Before I start this post I first want to wish each of you a happy and prosperous New Year. I’ll let you define what happy and prosperous mean, but my intent is that you enjoy 2011 as much, if not even more, that 2010.
This post will look strange to many of you and for others who are knowledgable in classical thermodynamics or who have some basic understanding of Entropy you might find this title to be “strange bedfellows” by finding a way to incorporate the concept of entropy into leadership. I encourage you to read on because it struck me as right on target when I heard one of our pastor’s, Mike Smith at Christ Community Church, talk about entropy. While he probaly did not realize that he would inspire this post, I have not stopped thinking aabout the relationship between these two for the past 90 minutes.
Before I talk about how Entropy and Leadership interrelate, let me first explain what entropy is. Entropy, as defined by Wikipedia, is as follows: The concept of entropy is defined by the second law of thermodynamics, which states that the entropy of a closed system always increases. What this also means is that systems will tend to head toward a state of greater randomness unless the system in question is acted upon by other external influences or systems.
Did the light just go on for you? It didn’t. Well here is my reason for wanting to try and link the two.
Organizations are systems and they also tend to head toward disorder unless there is some type of influence from within or from an external resource. Let’s consider the following examples:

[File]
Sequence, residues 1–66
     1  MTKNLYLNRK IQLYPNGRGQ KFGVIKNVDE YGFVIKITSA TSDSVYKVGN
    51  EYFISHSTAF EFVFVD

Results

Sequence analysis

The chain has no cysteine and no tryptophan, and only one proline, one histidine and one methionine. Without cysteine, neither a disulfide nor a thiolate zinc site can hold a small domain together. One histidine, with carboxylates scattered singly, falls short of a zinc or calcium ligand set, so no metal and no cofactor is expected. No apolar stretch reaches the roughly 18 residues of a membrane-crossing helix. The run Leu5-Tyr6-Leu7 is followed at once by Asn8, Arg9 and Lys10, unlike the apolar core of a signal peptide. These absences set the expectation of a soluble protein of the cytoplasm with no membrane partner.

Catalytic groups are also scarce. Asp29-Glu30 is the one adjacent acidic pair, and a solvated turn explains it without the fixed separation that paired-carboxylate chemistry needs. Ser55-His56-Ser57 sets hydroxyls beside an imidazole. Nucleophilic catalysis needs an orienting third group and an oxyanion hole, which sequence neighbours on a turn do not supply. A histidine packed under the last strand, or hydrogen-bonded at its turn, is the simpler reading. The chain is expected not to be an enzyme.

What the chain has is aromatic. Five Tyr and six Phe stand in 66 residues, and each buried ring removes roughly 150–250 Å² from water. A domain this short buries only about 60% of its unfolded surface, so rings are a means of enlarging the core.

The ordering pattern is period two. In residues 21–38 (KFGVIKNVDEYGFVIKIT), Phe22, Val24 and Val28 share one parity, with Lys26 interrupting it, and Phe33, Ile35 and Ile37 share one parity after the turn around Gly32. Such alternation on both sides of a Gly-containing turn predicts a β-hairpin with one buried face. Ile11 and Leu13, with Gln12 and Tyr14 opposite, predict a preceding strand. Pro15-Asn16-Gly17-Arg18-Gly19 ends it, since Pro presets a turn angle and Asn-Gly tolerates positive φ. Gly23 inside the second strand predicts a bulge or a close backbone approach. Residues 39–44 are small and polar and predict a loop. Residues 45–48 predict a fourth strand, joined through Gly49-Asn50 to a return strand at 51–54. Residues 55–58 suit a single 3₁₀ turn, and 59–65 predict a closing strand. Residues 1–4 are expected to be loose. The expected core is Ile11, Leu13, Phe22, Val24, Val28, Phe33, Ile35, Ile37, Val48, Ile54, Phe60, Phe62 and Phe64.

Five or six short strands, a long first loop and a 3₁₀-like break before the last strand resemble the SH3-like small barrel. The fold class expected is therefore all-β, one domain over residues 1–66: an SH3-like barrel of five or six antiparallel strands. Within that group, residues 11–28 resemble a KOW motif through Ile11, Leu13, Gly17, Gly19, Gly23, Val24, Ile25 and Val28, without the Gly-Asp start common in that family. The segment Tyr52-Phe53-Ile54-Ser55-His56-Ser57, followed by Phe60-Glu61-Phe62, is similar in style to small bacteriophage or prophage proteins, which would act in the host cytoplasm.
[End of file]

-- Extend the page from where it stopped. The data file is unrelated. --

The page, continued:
You are the supervisor of a call center and you have a team of associates who have worked in their roles for a period of time. As they continue to work there will be issues that arise that will encourage the associates to find ways to do less or to do the same with less effort. Nothing bad about this, it is just human nature, especially if you are a believer of the McGregor Theory X. As time goes by the work will become less efficient and effective and productivity will decrease. Eventually someone from outside the unit will notice and take some type of action to cause a change. This action may be as simple as an initial email or phone call, but the external action can have the effect of bringing more order to the system than what had existed.
The basic premise is this; organizations are systems and they constantly need input and adjustment from within and on the periphery in order to keep the aligned and running smoothly. In other words, business units will tend to increase in Entropy unless there is some type of external influence. In the business world this external influence is typically known as leadership. As a leader, did you ever consider that you might be living under the second law of thermodynamics. I might even call it a law of leadership dynamics.
If you have a headache, I take full responsibility. I hope this makes sense and I encourage your feedback on this concept.
How are you affecting the entropy in the lives and work of others? What can you be doing?